I would like to introduce you to the feminist artist Margaret Harrison, who is known for her illustrations in which she feminized iconic comic book characters, and who expresses her struggle against the insidious impositions of society through her art.
British-based artist Margaret Harrison, who produces with the motto “Art should be political”, includes feminist elements in her art. One of the pioneers of the second-wave feminist movement, Harrison illustrates the forms of domination that exist in the home, popular culture, and professional life with her drawings.
Through her works, she tries to make visible the gender-based violence against women, their bodies, and lives, with the motto “The personal is political”. She humorously challenges gender stereotypes and especially the power structures imposed by the media.
Harrison’s repainting of popular culture superheroes such as Superman, Batman or Captain America using intense colors with big breasts, heels, and suspenders drew a strong reaction in a world order dominated by a stereotypical ideal of masculinity.
Among the installations she drew, she got the most reaction with her Bunny Boy drawing, in which she turned Hugh Hefner, the creator of the Playboy Bunny icon, which positions women as the object of desire of men, into a cartoon character. She had an intolerable effect on her supporters when she overturned the gender norms attributed to women through the founder of this profit-taking magazine, which mostly serves male readers and is based on the exploitation of young women’s bodies. So much so that Harrison’s first exhibition, which includes these drawings that upset the normal, was closed on the grounds of “aggression”.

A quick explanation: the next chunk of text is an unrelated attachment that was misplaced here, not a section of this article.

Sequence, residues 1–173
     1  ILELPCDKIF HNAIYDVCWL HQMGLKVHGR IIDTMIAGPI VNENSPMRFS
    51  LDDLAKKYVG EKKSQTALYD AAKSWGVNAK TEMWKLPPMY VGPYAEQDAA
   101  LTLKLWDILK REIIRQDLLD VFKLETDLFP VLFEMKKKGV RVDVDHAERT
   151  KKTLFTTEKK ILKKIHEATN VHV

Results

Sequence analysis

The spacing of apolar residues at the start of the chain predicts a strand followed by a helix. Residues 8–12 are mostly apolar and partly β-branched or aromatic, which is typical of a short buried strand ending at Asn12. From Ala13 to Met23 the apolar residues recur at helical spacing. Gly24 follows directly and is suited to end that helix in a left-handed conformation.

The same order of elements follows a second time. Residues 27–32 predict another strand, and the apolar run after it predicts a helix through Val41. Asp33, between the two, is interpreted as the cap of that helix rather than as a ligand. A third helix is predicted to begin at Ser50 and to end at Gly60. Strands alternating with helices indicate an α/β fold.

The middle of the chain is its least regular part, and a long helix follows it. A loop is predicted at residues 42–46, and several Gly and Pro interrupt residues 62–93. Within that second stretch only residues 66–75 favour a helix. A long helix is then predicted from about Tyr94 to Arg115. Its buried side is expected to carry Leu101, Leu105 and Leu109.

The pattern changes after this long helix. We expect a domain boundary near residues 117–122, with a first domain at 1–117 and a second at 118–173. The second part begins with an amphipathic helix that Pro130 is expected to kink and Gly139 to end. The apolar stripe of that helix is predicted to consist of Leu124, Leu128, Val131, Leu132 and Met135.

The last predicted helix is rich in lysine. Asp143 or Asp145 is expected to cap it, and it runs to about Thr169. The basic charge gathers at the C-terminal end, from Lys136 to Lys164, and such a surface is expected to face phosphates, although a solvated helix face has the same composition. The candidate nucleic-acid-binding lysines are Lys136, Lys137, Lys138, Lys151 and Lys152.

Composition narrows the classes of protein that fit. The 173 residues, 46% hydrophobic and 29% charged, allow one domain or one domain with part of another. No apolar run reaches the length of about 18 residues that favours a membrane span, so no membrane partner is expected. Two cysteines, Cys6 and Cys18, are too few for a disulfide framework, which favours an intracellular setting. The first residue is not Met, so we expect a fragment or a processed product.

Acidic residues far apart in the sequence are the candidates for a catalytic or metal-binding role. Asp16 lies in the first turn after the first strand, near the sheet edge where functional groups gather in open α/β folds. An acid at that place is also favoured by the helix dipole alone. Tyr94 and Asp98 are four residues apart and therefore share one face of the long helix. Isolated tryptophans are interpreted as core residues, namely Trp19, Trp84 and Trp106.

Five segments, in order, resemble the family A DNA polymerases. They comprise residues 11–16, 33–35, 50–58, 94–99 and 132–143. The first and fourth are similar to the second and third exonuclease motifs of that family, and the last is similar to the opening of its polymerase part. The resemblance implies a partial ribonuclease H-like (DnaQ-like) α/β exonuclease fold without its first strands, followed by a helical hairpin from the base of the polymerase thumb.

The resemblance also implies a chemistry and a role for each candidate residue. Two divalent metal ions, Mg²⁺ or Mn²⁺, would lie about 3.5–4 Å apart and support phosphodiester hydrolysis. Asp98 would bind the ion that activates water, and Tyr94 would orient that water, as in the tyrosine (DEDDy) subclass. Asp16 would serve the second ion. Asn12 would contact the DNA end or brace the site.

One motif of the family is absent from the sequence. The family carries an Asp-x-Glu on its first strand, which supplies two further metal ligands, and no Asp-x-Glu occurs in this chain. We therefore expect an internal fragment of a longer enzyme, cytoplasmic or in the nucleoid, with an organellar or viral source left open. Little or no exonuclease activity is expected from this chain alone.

The artist, who heavily and shockingly reverses gender-based living and perceptions manifested in every layer of society, reveals not only gender roles, but also sociological crises such as domestic violence, women’s invisible domestic labor, income inequality, and class struggle.
Harrison’s work Beautiful Ugly Violence, designed to raise public awareness of domestic violence; consists of a series representing various objects such as knives, kettles, guns, hammers, scissors, pots, and pans. Her painting of a heavy theme such as violence, in contrast, with plain and harmless drawings, can be seen as a strategy she employs in her art.
The masculine policies that dominate the world continue to ignore violence against women and their rights. Despite the normative patterns, pressures, and impositions that the capitalist social order integrates without us noticing, the struggle of Margaret Harrison and many other women over their existence in all areas of life will continue.
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About Margaret Harrison!
Harrison was one of the founders of the Women’s Liberation Art Group in 1970. She explores gender identity and stereotyping as well as broader issues affecting women such as equal pay, homeworkers’ rights, domestic abuse, and rape. In these works, the artist uses humor to explore male preoccupations, the way the media portrays women, and pop art. Harrison describes them as ‘anti-pornographic’ because they were drawn by a woman. They were first shown in a solo exhibition in 1971 that was closed by police after one day for being ‘indecent.